You need to consider what happens at the intersection of the square leg and the horizontal parts when the leg is angled as it is. The cut face won’t be square. It’ll be a parallelogram. And since it isn’t square, there’ll be an apparent misalignment at the ends of the leg. Since this is metal, I expect you can hide that at the bottom with the bead. At the top it won’t be quite so critical.

Important: You were using layers incorrectly in this model. Leave Layer 0 active at all times. And apply materials to faces not component/group containers.



Here’s the updated SketchUp file with all parts converted to components. The components will save you work later.
coffee.skp (250.1 KB)


#13

I had my wires crossed a bit with what he wanted, but saves me a job anyway.
Nice one Dave.


#14

Hi Dave
First of all, thank you! And to Thorleylan too!
I couldn’t for the life of me get the diagonal member to rotate where I wanted it to, ended up drawing another triangle that did work for me.

On the layer use… I have been using layers somewhat ad-hoc rather like I would have in AutoCad. I was intrigued by your comment on layer 0 etc. I searched about and read, for example, this sketch blog The points around organization, faces and edges, makes sense. The only question
I have is whether Sketchup itself treats layer 0 in some special way?

Thanks again for the great help!
Bob


#15

No. It doesn’t other than the fact that Layer 0 is a permanent layer. You cannot delete it or rename it. Layers have only one purpose in SketchUp and that is to control the visibility of entities on them. You would create layers for the components in the model but leave Layer 0 active. Draw the part and make it a component. Then assign the component to the appropriate layer. The edges and faces in the component remain on Layer 0, though. Turning off the visibility for the component’s layer makes the component invisible. It’s sort of like the cloaking device the Romulans had in the original Star Trek series. :slight_smile:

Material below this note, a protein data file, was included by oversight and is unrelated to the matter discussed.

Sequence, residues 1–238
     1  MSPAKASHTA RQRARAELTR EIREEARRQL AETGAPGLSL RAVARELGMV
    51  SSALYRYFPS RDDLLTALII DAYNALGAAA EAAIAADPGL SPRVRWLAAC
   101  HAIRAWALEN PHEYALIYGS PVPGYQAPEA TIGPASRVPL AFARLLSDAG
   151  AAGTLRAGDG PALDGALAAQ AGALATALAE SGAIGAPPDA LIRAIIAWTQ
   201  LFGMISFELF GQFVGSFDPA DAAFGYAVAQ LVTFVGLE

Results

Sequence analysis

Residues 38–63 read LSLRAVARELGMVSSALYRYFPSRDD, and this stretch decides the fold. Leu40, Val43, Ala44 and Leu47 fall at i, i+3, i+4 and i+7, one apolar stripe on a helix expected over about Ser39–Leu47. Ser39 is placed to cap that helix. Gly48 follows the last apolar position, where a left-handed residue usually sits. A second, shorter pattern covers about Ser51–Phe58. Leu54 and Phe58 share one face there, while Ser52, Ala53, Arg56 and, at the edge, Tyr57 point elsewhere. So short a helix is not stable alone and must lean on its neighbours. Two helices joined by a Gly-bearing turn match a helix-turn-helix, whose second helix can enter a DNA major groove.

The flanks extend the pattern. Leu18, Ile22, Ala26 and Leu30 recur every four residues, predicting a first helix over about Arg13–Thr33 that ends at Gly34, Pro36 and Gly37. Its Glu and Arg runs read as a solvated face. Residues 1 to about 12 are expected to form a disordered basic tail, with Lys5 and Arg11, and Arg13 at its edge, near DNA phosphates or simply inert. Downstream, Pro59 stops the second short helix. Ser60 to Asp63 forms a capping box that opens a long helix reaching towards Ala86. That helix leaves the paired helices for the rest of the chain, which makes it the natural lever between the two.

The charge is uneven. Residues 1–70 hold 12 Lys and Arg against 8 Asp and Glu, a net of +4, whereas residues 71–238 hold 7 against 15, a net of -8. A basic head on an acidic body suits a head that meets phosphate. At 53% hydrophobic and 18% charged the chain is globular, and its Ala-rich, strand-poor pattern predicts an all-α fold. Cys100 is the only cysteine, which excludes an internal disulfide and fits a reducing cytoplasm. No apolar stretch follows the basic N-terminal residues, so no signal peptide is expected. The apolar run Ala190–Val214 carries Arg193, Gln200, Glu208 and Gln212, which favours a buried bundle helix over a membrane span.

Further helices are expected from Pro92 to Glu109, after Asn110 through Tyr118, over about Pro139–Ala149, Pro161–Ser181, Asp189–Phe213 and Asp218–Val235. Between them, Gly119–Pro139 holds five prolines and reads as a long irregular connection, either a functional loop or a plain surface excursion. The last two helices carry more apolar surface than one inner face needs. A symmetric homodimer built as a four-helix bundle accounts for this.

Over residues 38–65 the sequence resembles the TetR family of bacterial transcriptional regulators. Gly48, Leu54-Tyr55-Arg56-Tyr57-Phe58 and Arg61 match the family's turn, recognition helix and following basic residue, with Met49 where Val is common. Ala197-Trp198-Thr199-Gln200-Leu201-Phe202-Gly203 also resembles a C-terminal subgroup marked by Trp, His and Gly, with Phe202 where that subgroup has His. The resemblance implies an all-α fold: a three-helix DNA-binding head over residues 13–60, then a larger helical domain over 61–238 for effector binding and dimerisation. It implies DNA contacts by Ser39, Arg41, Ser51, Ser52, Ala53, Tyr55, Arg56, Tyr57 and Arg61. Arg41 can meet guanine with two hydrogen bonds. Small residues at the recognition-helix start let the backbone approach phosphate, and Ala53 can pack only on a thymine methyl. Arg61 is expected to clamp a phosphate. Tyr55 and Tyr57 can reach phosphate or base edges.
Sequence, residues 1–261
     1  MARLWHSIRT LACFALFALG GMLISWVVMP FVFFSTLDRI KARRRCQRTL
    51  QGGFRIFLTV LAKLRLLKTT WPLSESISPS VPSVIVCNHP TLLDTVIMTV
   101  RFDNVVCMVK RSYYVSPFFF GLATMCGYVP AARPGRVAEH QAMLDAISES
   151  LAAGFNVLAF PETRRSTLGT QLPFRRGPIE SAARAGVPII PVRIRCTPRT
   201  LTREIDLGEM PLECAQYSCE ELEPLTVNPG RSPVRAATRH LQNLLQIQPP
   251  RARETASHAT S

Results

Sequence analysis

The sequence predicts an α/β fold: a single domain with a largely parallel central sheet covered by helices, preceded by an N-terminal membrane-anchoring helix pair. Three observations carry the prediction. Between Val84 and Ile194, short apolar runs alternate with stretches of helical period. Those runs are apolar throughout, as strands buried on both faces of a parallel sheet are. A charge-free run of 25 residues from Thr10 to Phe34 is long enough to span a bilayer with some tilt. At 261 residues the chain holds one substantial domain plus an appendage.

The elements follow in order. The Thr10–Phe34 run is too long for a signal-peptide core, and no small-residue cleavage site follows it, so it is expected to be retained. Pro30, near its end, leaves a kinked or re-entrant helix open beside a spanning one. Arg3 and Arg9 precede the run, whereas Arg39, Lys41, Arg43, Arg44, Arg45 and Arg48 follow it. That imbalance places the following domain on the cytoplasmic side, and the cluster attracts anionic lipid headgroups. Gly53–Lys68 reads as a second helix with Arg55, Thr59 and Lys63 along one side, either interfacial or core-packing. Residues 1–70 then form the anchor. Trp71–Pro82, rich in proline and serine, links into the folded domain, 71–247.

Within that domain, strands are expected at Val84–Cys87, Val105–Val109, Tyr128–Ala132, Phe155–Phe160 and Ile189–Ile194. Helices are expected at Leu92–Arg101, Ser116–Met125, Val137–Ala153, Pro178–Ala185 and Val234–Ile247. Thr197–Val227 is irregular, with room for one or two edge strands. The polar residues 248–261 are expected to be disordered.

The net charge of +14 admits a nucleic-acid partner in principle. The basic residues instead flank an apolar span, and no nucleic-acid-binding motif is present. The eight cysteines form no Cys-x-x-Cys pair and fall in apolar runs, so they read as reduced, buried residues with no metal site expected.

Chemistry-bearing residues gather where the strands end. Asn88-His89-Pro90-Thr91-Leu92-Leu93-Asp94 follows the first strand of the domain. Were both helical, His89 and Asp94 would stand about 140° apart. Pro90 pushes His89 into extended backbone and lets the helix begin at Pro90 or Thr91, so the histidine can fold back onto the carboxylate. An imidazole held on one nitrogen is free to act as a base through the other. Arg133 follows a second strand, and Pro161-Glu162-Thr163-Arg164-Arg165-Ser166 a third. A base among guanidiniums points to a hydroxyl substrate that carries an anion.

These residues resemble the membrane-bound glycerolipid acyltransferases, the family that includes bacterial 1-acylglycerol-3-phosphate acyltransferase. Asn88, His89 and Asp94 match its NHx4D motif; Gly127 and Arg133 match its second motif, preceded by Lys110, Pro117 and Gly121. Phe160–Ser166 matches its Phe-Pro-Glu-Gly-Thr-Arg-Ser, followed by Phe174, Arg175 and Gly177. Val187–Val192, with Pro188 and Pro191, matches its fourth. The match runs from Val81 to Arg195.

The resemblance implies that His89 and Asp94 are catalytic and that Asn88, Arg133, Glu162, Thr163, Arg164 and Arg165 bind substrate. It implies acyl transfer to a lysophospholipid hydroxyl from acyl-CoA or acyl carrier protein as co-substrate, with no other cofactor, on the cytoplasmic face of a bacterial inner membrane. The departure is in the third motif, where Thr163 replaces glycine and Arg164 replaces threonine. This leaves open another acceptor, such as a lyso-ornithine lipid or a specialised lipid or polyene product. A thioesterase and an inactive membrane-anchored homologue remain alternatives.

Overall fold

#16

Oh Daves there already…

Layer 0 is the same as any other, but is the default layer. The general rule is all faces and edges are to be kept on layer 0 and only groups/components are assigned to layers to control visibility of the groups/components.

Never change the active layer in the layers window to any other than layer 0 and you should be ok. This way everything will be drawn on layer 0 as default.

This is a big rule stick to it to avoid confusion, many I see have been warned and ignored it to their inevitable embarrassment later on.


#17

Got it. Thanks again.


#18

Make you life easily, layout basics in 2d first, 11,11 bottom base, 9,9 top seat, align each center, layout the square corners each , the angle needs to be along the diagonal connect appropriate edges and you are basically done except for the funny cut angles.:slight_smile:coffee_MAC1.skp (244.3 KB)


#19

My thanks again to those who took the time to help with this. I thought you might like to see the finished item now it exists in real life. And yes, cutting the diagonal angle was a challenge!


#20

Looks good.

How did you figure out cutting the angle?